By Gwyneth Doland
It's a pot scrubber! In last week's Alibi, I asked readers to identify a mysterious object that Film Editor Devin D. O'Leary had unearthed at a yard sale. With a riveted metal handle attached to a wide mesh made of linked metal rings, it had confounded us for weeks. Suggestions from readers poured in, most of them guessing that it was a rug beater, something we were sure was impossible; the thing was just to flimsy to be any good at beating dust out of a sturdy rug. But two astute readers (first Susie Rodee and later, Jerry Monarch) e-mailed within hours of each other to identify the utensil as a vintage pot scrubber, specifically for dredging bits of food from the bottoms of cast iron pans. Once we had this lead, it was easy to confirm. A simple eBay search revealed two similar items and one nearly identical. The good news is that we estimate the pot scrubber to be from about the '30s and, according to eBay, it's worth about $20. The bad news is that O'Leary refused to part with the thing and now I have to go buy one on eBay. The whole search and discovery was fun, though, so I'll be posting more mystery gadgets and giving out more prizes in the near future.
All the News That's Fit to Eat
By Gwyneth Doland
Looking for a really special piñata for your next party? Wouldn't you just love to ram your fist up Dick Cheney's throat and stuff him full of candy or cram Dubya's noggin with mini bottles of Jim Beam? Well now you can. Two local artists have begun crafting their own smashable papier-mâché effigies of our lovable leaders. Bush costs about $50 and Little Dick costs $30 or $75 for the pair. Buy two. Give one to the dog! Make sure someone's videotaping and you'll be able to enjoy the event over and over again. The creators, Crash and Jada, make each piñata to order and they can custom-make pretty much any shape you want, from football helmets to Frankenstein heads to sacred hearts. To get your own, call Crash at 401-8794.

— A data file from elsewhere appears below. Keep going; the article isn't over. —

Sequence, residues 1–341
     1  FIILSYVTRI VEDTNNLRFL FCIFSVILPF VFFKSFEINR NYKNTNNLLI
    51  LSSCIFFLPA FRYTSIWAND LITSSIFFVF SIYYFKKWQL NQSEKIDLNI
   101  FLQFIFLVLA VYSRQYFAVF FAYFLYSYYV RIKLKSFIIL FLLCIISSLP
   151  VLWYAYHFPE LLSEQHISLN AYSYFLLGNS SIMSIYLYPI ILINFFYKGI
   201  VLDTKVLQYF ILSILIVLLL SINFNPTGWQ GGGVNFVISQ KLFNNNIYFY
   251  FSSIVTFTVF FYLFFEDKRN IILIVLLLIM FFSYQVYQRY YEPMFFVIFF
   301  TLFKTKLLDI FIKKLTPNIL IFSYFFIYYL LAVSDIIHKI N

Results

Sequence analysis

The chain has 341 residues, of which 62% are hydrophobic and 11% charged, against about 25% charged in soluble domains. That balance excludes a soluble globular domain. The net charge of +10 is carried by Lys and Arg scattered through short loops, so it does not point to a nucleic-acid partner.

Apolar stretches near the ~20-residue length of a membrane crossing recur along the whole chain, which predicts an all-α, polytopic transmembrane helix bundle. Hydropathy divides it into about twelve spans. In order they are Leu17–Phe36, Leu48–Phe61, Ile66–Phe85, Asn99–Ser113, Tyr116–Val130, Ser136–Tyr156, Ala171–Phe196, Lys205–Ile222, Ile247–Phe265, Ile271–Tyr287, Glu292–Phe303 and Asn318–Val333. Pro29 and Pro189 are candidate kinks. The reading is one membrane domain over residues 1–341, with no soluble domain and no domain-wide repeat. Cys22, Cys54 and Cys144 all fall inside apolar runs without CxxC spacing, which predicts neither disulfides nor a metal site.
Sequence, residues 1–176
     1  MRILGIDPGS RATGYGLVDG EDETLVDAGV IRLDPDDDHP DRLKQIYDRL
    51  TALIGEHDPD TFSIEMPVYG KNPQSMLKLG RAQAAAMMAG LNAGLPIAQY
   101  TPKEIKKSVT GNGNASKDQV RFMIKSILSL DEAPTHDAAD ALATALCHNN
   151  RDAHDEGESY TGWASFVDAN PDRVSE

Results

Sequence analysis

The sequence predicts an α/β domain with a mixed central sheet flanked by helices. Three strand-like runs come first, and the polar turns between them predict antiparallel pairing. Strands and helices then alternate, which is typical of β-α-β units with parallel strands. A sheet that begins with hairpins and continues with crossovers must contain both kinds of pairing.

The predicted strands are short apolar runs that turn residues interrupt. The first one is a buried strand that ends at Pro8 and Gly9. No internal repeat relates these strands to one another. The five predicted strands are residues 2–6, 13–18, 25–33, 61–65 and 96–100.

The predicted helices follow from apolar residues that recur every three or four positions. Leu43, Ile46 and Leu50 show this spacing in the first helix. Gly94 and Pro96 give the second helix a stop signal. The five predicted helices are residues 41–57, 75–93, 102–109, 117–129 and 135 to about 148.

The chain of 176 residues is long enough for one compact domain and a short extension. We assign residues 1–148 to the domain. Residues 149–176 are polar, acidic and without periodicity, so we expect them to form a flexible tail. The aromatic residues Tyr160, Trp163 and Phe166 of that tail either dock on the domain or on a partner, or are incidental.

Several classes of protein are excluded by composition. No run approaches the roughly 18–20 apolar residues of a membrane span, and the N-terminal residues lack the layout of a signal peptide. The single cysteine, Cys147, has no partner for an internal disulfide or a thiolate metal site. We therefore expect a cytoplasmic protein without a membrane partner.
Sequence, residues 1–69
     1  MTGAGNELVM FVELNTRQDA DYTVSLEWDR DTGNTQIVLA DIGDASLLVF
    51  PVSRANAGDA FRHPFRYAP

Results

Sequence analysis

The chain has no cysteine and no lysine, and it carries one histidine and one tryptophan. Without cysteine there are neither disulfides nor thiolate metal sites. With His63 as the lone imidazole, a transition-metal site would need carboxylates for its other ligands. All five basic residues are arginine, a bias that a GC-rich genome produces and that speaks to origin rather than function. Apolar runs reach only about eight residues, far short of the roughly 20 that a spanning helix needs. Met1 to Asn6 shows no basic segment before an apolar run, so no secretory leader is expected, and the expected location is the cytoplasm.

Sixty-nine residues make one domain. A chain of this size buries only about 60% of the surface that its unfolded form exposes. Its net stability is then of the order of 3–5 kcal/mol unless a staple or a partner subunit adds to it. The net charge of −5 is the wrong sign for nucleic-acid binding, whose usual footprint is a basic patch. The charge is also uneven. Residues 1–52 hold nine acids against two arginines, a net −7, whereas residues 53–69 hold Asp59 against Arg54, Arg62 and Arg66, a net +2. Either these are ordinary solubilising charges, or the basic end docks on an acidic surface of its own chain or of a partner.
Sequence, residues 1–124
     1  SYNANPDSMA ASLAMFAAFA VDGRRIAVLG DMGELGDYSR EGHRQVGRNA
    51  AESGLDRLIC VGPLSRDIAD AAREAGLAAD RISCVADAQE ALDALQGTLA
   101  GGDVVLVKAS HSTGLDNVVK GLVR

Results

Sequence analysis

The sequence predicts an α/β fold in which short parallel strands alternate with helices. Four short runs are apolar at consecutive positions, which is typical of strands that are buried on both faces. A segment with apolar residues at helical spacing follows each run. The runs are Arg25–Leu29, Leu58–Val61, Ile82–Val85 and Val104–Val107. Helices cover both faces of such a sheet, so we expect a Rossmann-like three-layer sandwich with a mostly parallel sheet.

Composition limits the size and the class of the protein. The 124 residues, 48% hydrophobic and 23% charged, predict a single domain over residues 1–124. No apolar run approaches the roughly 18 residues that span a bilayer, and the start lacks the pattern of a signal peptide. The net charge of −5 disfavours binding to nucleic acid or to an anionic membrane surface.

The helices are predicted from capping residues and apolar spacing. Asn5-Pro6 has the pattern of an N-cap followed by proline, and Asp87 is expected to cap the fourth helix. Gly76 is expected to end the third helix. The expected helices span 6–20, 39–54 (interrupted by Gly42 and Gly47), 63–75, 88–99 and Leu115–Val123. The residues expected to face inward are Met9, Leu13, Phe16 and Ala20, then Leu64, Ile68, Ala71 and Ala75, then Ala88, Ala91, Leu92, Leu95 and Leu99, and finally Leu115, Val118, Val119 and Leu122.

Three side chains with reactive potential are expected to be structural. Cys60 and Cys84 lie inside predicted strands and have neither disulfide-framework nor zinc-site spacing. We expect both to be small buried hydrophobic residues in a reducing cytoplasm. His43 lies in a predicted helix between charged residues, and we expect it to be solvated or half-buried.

Winning wines from the past year
By Taylor Eason
With election season upon us, it's time to get serious about voting. But forget the race for president just now; I'm picking winners in the world of wine. I've offered up several deserving of high office, hoping you consider them for your drinking pleasure. (Note: These winners were chosen from tastings over the past year. Prices are approximate.)
Fight Hunger—Your Own and the Nation's—With Chocolate Cake
More than 50 famous bakers share recipes in a book to benefit hunger-fighting group Share Our Strength
By Gwyneth Doland
Michael J. Rosen is an author, editor and illustrator who is also a member of the national board of Share Our Strength, a hunger-fighting agency that works closely with the food, restaurant and kitchen supply industries to raise funds for their efforts. Last year, Rosen released Cooking from the Heart, a volume of collected recipes from 100 high-profile chefs who contributed dishes that were closest to their hearts. Share Our Strength receives a portion of the proceeds from that book and this follow-up, Baking from the Heart (Broadway, hardcover, $29.95). Since the recipes in this book come from professional bakers, it could have easily become a pretty but rarely used volume that collected dust on a shelf. But Rosen managed to procure from these chefs recipes that are more likely to be familiar to your grandmother than they are to grace the cover of Modern Pastry Chef. There are gingerbread cupcakes, plum tarts and fudge brownies, recipes that are relatively simple but definitely show the benefit of a chef's tinkering. They may be brownies, but they'll be the best damn brownies you've ever had.
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Bow & Arrow Pairing Dinner at Indian Pueblo Cultural Center
Tour the musuem and then enjoy a five-course meal, perfectly paired with beverages provided by local Native-owned Bow & Arrow Brewing Co. Reservation required.
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